Oh, but before all that, we had tried to play basketball in Millfields Park. But there was an annoying dog-owner who couldn’t control her Alsatian. The latter proceeded to bite our basketball till it burst. When we remonstrated with the owner, she ran off.

At least it was only the basketball that got bitten.

The next day brought an early start. Neither London’s young skaters nor anybody else gets up very early on New Year’s Bank Holiday Monday, it seems. I don’t think I’ve ever seen London streets so empty. The drive in to the Aldwych area for the start of skating at Somerset House felt like driving through a Jerry Cornelius novel: “Martin tooled the big Duesenberg Skoda down Roseberry Avenue…”

I don’t skate any more. I did it twice when I was a student, and I think once since I had kids. From the student times, I remember enjoying it, but getting very wet and very bruised. With kids I didn’t fall over so much, but only through caution, not because I had magically become able to skate.

Anyway, what with one thing and another, I didn’t do it through all those intervening years, and by the time my kids were old enough to be interested and able, I had broken my cruciate ligament in a freak gardening accident. I probably could do it now, but I’m too scared of re-injuring my knee.

So I sat in the warmth of “Tom’s Skate Lounge” and had a Cappuccino and a Danish, and took photographs and notes, while our party slowly, but with increasing confidence, circled the ice. I loved the fact that the staff members who were on the ice had hi-viz vests saying “Ice Marshall”. There’s something very pleasing about that term.

After that we drove on out to South Kensington, and the Natural History Museum. Ostensibly to see the dinosaurs. But of course, the other half of London had decided to do the same. After queueing for maybe twenty minutes to get inside, we found a 45-minute queue for the dinosaurs. So we elected for the blue whale, via the other mammals, instead.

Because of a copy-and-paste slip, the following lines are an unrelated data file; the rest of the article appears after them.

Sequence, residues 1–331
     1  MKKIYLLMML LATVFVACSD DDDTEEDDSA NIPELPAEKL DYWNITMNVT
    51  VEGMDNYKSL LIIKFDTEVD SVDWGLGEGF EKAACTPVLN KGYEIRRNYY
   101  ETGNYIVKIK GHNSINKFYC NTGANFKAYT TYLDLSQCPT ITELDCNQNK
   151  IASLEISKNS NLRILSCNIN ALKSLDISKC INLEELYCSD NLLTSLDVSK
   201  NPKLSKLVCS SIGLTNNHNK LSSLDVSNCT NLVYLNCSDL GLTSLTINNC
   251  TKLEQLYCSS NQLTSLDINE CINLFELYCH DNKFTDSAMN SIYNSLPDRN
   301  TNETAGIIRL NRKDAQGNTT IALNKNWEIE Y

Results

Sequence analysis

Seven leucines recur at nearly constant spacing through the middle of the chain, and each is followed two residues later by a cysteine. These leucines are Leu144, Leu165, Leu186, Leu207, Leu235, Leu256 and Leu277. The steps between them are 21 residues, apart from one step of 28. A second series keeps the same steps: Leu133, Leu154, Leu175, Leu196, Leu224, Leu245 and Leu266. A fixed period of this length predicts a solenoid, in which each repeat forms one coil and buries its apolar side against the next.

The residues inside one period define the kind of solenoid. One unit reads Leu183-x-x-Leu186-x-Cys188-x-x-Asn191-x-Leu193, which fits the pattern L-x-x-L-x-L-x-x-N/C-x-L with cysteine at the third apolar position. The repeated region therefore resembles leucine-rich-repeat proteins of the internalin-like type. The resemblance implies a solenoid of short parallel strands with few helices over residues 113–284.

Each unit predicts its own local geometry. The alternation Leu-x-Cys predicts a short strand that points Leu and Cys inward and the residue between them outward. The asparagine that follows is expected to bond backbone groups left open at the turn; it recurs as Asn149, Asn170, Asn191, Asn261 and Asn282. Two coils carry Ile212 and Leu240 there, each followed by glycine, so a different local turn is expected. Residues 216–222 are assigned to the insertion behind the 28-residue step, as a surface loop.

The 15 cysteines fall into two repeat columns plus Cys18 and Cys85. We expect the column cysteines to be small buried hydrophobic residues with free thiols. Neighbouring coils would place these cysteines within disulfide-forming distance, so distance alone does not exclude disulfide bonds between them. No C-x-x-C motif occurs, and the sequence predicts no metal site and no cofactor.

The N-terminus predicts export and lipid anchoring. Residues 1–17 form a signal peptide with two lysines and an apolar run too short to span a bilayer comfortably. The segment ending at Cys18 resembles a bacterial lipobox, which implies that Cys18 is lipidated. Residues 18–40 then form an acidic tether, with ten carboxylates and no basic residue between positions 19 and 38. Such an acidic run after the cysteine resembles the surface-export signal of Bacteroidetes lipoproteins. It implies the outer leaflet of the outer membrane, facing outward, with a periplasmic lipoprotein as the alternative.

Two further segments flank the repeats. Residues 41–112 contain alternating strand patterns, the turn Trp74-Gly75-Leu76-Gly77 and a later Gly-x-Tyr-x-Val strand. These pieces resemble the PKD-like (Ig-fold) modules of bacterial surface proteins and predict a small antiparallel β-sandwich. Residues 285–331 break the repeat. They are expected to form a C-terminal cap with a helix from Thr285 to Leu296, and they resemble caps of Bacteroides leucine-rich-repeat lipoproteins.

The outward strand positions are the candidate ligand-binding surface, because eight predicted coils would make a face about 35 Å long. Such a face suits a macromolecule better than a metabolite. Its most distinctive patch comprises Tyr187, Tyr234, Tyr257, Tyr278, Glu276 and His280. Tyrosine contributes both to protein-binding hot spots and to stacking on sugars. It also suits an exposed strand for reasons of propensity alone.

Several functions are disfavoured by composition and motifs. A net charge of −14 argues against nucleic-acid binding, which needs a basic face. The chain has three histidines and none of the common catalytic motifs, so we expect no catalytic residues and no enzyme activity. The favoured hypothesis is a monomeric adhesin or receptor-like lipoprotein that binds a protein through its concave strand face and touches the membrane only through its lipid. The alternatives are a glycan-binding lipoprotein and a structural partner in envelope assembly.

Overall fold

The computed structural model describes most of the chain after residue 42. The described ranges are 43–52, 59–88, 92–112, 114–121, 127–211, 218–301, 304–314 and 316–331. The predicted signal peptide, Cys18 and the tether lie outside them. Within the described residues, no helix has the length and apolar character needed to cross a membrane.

Which was of course, fabulous. Wonderful place, the Natural History Museum. Actually, London’s pretty wonderful.

Ice Marshalls at Somerset House


New?

I’m desperately rushing to post this before midnight, just so I can have a post on the 1/1/11. Happy New Year, everyone.


... And a Happy New Year to All My Reader

Well, clearly no blogging happens over the Christmas and New Year period in the Devilgate household. In fact I didn't even switch the computer on.

So we start the year without having done a review of the last one, and without even having posted all of last year’s Book Notes. I have nine (nine!) written or partially written, but unposted, mini book reviews, that I’ll try to put up over the next few days. Perhaps I should slap them all together into one, but that would really be too big, and would make it harder to find things in future. So Book Notes 2006 entries will keep on appearing for a while yet.

And since I’ve made myself a New Year’s resolution to write every day, I hope to be making considerably more posts in general than last year. We’ll see.

I hope everyone had a fine Christmas or other winter festival, and an equally good start to the New Year.